Let me just shout about how much and how long I’ve loved Olivia Colman. I always felt she was under-utilized so much or not given enough credit for her work. Here, she finally gets her lead role that will no doubt finally change all that and bring her an award. Alongside Rachel Weisz and Emma Stone as her supporting, they do a commendable job of making this odd story come to life. While I didn’t love the film overall, the performances were so strong. Even Nicholas Hoult dons the old British wig and make-up to do a fun spin here as the strangest of cads. All said and done, just give Olivia her due already and be done with it.
Grade: C+

Day Four

“MADELINE’S MADELINE” Dir: Josephine Decker

I tried very hard to find a redeeming quality of this film and I just really didn’t find one. It was all over the place with nonsensical scenes cutting back and forth to add up nothing of what makes a film flow from scene to scene. It completely lacked any sense as you didn’t know if Molly Parker’s character was wanting Madeline (Helena Howard) to be crazy or making her crazy. All in all, it just lacked any and all of the Drama/Mystery/Thriller it is categorized as.
Grade: D-

“MINDING THE GAP” Dir: Bing Liu

As we know not all documentaries are going to be a pleasant, happy experience. This one however, made me feel as though I was watching a long drawn out episode of Teen Mom. And while I’ve never actually watched that show, I’m going to guess if you add in their boyfriends and skateboards, you’ve got it down pat. Enough said.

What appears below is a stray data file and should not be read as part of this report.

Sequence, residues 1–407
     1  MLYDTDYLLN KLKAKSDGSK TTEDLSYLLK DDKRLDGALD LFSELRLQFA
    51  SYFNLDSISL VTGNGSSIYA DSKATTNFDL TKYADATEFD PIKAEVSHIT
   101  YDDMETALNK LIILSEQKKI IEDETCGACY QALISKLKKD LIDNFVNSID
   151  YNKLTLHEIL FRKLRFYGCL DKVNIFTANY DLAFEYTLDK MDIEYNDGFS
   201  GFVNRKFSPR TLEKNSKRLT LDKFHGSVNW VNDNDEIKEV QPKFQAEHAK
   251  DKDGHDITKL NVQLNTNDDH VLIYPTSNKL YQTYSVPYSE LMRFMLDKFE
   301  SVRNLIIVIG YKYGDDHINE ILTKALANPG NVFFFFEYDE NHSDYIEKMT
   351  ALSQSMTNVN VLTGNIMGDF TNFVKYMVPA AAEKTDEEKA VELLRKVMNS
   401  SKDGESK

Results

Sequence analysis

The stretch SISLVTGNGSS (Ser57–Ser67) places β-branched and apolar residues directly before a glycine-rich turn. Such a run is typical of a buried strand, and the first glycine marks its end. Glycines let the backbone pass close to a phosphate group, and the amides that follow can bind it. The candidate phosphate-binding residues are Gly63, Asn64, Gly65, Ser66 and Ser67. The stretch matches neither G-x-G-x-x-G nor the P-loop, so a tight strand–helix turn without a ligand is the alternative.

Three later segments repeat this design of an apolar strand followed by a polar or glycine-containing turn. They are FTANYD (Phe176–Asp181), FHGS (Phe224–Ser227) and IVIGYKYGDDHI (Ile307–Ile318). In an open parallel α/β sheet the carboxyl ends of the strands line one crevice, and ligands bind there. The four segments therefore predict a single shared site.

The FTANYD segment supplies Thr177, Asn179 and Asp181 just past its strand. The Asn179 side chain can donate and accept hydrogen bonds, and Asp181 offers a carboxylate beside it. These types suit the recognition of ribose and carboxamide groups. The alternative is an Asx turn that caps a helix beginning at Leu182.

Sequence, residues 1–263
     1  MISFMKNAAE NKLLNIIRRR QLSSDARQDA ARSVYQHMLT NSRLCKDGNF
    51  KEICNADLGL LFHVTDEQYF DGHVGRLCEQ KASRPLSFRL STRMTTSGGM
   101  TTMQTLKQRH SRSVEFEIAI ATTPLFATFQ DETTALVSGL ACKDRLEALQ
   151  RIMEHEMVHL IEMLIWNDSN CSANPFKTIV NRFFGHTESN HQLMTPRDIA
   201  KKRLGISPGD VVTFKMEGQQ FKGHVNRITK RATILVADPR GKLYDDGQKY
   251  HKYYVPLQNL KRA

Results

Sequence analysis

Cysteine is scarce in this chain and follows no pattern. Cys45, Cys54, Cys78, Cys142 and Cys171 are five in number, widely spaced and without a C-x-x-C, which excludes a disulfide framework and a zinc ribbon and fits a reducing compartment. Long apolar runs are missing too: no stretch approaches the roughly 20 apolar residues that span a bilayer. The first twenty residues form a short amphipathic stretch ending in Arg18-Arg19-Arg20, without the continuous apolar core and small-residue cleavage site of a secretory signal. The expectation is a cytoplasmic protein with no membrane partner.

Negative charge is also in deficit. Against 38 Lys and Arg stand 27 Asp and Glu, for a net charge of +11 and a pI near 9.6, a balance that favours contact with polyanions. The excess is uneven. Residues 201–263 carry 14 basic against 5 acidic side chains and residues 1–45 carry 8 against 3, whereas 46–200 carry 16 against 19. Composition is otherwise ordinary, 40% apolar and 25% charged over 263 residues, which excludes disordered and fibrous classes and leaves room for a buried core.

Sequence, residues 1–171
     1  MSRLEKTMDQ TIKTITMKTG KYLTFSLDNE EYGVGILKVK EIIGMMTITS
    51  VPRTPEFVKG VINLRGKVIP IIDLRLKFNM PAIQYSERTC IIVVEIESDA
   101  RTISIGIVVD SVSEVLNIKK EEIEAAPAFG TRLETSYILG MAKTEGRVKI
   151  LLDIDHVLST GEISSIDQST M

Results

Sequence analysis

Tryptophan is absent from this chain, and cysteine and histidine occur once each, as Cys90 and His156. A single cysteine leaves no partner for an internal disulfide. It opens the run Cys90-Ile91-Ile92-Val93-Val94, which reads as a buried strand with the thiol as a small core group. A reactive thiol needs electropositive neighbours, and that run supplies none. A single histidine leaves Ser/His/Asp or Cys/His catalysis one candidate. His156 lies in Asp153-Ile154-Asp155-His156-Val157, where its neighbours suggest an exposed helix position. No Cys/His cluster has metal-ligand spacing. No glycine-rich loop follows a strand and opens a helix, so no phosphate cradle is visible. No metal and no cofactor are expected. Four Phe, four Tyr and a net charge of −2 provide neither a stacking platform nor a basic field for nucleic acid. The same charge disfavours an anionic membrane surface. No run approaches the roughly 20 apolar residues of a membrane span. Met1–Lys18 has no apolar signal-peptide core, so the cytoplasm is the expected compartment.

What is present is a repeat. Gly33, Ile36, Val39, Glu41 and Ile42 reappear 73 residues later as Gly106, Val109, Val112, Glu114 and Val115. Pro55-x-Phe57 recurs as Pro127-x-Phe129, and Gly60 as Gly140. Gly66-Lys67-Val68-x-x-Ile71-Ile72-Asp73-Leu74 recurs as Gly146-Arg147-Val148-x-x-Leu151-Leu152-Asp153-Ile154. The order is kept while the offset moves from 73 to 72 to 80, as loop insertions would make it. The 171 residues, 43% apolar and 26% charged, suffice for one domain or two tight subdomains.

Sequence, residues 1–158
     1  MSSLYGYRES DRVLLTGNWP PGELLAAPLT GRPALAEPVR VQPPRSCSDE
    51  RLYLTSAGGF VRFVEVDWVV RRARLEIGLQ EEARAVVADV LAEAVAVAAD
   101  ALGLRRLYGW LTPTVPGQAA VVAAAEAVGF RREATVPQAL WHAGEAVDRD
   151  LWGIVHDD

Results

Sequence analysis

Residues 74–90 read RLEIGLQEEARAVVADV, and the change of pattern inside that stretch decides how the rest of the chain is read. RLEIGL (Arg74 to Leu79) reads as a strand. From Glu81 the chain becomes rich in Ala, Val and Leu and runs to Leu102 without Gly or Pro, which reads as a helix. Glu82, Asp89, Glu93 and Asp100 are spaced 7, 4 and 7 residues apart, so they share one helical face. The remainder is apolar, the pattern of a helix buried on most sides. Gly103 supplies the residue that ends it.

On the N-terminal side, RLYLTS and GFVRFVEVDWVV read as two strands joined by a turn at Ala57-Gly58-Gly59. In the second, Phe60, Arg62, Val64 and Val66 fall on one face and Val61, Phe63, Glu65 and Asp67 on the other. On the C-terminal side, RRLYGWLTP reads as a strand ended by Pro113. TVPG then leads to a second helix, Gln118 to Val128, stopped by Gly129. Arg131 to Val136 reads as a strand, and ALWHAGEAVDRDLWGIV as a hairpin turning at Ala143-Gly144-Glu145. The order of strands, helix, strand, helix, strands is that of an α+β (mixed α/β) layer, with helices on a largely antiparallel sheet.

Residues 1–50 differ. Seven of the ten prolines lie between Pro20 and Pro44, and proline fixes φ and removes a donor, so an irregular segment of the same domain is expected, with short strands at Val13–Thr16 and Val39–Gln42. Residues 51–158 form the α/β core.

Grade: D-

“FIRST REFORMED” Dir: Paul Schrader

Ethan Hawke and Amanda Seyfried both give good performances here and once again, without that this would be a truly hard film to sit through in it’s entirety. I just wish the movie didn’t drag so much for so long in many different parts. It’s seems as it’s trying to be a social commentary on despair, climate change, torment and tragedy all wrapped up in a bow that you see the ending coming right at you by the 30th minute leaving nothing to chance.
Grade: C

Day Five:

“If Beale Street Could Talk” Dir: Barry Jenkins

While I wasn’t Moonlight’s biggest fan, I did find Beale Street to be a far better film to be sure. I still didn’t love it as it left a lot of questions unanswered for me that I wanted to know and made it feel incomplete to me. While Kiki Lane and Stephan James are the leads, for me it was all about Regina King and Michael Beach (who is all of a sudden in so many projects and I love this fact) who really brought home the acting. And while so much of this hit hard, there was just still too much I wanted to know more about.
Grade: C+

And that’s all I’ve seen at this point – but I’ve still this weeks schedule and to make up some of last week’s also. So please come back as I will hopefully be posting more often again.

@pegsatthemovies

REVIEW: “HECTOR AND THE SEARCH FOR HAPPINESS” (2014) ~ Relativity Media

Standard
hector 1

Fun little Pegg on a Stick given to us at theatre screening.. aka it’s a fan!

Was it just last year we were treated to “The Secret Life of Walter Mitty” in which we saw Ben Stiller undertake a romp around the world voyage to understand the meaning of life? Yes it was..it seems every year we get at least one of these movies..some better than others.. This time out it’s Simon Pegg’s turn to try getting in touch with his happy-self side in “Hector and the Search for Happiness”

hector clara